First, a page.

Margot Lee Shetterly is the author of Hidden Figures: The American Dream And The Untold Story Of The Black Women Mathematicians Who Helped Win The Space Race. From the transcript of her interview with NPR's Michel Martin:
MARTIN: ...[W]hy do you think we don't know this story? Now, I confess to you that when I mentioned to a couple of different people that I was working on this and that I was about to have this conversation with you, a number of people said the same thing to me, which is it makes me mad. Why didn't I know this? Why am I only just finding this out? Why do you think that is?--Marshal Zeringue
SHETTERLY: That is such a good question. I would say that is the one question that everybody asks me about this. And, you know, it's something I really kind of struggle with because on the one hand, a lot of people did know this story in Hampton, Va. You know, I was just in Hampton yesterday and was talking to a lot of different people, and they were like, well, we did know these women. And we knew they worked there. And they were all very modest.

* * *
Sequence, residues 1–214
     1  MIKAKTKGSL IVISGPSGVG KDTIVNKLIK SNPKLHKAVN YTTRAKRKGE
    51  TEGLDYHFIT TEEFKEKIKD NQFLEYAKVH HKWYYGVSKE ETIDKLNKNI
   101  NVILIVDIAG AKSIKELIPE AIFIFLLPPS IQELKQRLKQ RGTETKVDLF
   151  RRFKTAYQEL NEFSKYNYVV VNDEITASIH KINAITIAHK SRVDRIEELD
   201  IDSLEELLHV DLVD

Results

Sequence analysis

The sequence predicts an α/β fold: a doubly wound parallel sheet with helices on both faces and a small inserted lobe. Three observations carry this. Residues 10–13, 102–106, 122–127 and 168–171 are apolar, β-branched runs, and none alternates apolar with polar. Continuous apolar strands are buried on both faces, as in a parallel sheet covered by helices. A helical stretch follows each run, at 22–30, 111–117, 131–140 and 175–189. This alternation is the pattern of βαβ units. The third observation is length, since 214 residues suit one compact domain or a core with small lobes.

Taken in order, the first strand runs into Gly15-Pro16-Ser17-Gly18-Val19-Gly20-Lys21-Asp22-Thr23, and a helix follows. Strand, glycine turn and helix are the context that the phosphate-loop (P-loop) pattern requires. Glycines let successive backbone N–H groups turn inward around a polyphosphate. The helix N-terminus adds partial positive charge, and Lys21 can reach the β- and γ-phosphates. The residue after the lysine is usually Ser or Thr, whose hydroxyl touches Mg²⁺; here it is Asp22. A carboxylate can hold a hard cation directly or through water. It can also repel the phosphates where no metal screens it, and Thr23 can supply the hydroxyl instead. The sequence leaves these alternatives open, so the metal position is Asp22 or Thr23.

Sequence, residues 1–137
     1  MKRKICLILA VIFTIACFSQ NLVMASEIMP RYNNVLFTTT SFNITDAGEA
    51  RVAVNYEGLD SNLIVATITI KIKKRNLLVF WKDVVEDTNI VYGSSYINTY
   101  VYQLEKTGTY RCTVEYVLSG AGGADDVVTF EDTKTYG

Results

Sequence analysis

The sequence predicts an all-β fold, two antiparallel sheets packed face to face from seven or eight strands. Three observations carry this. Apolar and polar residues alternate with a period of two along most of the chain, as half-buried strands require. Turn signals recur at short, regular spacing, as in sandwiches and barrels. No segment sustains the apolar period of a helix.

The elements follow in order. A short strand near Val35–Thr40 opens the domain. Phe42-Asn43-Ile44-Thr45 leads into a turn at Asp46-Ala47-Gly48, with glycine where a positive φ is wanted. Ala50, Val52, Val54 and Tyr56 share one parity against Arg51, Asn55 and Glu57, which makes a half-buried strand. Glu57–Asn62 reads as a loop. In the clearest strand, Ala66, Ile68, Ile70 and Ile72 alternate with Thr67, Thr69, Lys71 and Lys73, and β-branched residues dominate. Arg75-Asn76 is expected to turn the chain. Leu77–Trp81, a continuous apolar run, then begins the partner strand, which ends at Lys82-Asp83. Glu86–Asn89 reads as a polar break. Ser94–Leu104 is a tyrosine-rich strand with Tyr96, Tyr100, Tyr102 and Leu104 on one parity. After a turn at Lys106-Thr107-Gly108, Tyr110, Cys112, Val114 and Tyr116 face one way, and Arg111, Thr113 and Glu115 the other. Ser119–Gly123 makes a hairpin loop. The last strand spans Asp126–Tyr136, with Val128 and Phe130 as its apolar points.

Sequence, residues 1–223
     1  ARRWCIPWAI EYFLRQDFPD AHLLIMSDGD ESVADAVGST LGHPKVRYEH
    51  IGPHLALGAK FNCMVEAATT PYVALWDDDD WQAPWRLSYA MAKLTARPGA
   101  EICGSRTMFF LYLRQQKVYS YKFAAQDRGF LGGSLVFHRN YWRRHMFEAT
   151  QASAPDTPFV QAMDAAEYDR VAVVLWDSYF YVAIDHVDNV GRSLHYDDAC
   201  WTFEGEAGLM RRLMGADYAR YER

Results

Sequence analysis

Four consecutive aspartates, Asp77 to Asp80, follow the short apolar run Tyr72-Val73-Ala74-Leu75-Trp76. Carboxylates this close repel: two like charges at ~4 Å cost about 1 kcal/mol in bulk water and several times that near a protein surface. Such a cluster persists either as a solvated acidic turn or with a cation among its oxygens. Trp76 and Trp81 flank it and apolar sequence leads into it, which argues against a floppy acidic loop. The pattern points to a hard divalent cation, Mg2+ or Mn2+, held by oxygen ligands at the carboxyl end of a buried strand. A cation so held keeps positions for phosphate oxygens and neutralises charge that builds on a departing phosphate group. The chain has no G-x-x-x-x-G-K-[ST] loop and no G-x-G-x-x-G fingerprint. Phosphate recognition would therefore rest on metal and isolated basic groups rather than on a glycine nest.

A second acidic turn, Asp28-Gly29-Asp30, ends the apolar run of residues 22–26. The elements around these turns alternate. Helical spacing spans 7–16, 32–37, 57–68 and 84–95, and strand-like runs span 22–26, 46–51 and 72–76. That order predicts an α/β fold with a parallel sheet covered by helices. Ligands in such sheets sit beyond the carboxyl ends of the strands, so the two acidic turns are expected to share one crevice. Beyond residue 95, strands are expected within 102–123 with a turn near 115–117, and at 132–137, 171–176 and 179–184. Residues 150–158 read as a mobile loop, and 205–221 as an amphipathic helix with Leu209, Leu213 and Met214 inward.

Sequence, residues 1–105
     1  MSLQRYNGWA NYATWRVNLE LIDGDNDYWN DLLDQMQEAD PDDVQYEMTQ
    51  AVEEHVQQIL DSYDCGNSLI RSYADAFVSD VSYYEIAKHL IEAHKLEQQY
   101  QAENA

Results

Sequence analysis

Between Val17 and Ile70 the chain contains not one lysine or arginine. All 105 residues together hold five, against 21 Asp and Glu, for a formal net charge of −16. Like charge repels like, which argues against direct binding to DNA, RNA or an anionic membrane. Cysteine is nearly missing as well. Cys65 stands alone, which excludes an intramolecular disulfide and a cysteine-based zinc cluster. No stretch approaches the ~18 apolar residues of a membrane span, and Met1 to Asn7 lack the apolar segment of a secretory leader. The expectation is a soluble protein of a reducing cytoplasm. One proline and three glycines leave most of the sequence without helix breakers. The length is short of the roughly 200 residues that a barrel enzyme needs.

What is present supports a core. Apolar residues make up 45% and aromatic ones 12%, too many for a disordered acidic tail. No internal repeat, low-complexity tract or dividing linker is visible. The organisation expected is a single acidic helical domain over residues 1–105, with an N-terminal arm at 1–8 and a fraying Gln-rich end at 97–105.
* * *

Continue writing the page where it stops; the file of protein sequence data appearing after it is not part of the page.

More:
If you ask Katherine Johnson, how did it feel to be a trailblazer and do this very high-pressure, groundbreaking work, you know, just as often she'll say, well, I was just doing my job. And I think a lot of the women period felt that. They had a lot of different identities in addition to being professional mathematician at NASA. They were mothers. They were wives. They were people who were active in their church, in their community. So this was only one aspect of their identity.
But I think a lot of it's because it was women's work. I mean, the engineers were the men, and the women were the mathematicians or the computers. The men designed the research and did the manly stuff, and the women did the calculations, you know, at the behest of the engineers. And so I think that it really does have to do with...[read on]